"They all broke out laughing and invited me to come on in," Marsden recalled. "I said, 'You had your chance!' "
Although some freshmen wait a few years before wading into substantive legislation, choosing instead to submit bills commending local groups or residents, Marsden got several hefty bills through the House and Senate, including one exempting juveniles from confidentiality when they report suspected gang activity to law enforcement officials.
The five men said they're learning to not take it personally when their bills get rolled into others that are similar but have been filed by more senior legislators. Or when they see their bills die before making it out of committee. Caputo's measure to change the state school aid formula to help Fairfax was promptly tabled by a subcommittee.
The freshmen say they're humbled at having to become instant experts on complex subjects before voting on laws that could have profound consequences. And there was that encyclopedia of parliamentary procedure they had to learn.
"It's so easy to forget whether I'm voting on a floor amendment or what the heck I'm voting on," said Bulova, whose previous experience in the public sector was on the board of directors of the Northern Virginia Soil and Water Conservation District.
He admitted to late-night readings of Thomas Jefferson's manual on procedure.
But Bulova had a head start on floor rules over Herring, who wasn't elected until two weeks after the session's start, after William C. Mims (R) resigned to join the state attorney general's office. A lawyer and former Loudoun supervisor, Herring had missed the bill filing deadline and had to get special permission from the Senate to have it extended. "You're sworn in, and one hour later you're on the floor of the Senate!" he said. "It's kind of surreal."
The freshmen know they're not likely to embarrass themselves, because they have generous mentors, formal and informal. Bulova said he was relieved to have veteran Vivian E. Watts (D-Fairfax) at his side in emergencies, calling her a "self-proclaimed wonk." Several House members said they had been awed by Del. Robert G. Marshall (R-Prince William), a master of parliamentary procedure.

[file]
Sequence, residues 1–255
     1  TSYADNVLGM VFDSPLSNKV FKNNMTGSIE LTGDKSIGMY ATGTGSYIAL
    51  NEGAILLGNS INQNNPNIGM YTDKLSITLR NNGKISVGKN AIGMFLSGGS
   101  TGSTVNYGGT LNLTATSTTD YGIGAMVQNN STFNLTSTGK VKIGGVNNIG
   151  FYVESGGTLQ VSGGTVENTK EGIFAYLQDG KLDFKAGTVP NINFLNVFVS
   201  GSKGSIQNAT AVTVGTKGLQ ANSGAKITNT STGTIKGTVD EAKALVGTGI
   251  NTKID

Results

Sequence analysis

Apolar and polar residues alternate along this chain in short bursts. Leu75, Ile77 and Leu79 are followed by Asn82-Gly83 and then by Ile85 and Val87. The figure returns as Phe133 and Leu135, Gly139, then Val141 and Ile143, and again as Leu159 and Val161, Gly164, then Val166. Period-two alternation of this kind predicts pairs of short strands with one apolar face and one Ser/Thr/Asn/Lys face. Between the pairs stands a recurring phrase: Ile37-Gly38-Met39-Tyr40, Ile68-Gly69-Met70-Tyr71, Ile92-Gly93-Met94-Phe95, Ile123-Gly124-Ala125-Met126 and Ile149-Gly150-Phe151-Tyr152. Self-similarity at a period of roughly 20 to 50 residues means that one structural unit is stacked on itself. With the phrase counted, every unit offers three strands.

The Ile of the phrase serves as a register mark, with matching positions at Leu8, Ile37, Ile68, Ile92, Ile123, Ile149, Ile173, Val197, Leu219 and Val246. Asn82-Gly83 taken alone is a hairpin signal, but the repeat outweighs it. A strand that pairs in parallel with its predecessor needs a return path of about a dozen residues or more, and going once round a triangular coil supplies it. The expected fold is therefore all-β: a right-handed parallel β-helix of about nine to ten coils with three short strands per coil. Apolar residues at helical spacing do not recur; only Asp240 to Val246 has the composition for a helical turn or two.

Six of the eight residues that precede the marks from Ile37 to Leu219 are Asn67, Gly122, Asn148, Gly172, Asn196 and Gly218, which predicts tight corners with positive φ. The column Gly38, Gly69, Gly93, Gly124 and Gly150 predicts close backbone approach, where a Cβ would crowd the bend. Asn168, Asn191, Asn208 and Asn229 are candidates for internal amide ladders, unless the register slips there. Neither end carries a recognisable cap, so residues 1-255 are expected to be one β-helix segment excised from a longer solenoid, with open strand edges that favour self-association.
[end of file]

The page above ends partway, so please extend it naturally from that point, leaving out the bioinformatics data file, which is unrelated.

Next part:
Perhaps the biggest frustration, some freshmen said, has been experiencing what it means to be a Democrat in a legislature controlled by Republicans. When both chambers approved a November referendum on a constitutional amendment to ban gay marriage, the domination of social issues important to many conservatives was clear, they said.
"It went way beyond what needed to be done," Marsden said of the party-line vote.
The freshmen said they were eager to get home to wives and children they had seen on only some weekends since mid-January. Still, the experience has increased the political sophistication of some of their kids.
Englin said his 6-year-old son, Caleb, recently claimed that he should be treated as a young teenager.
After a disagreement, Englin said, Caleb asked why his dad couldn't legislate him into maturity. "He asked me, 'Why can't you just make that a rule?' " Englin recalled. "I told him I'm down in Richmond making rules for the commonwealth."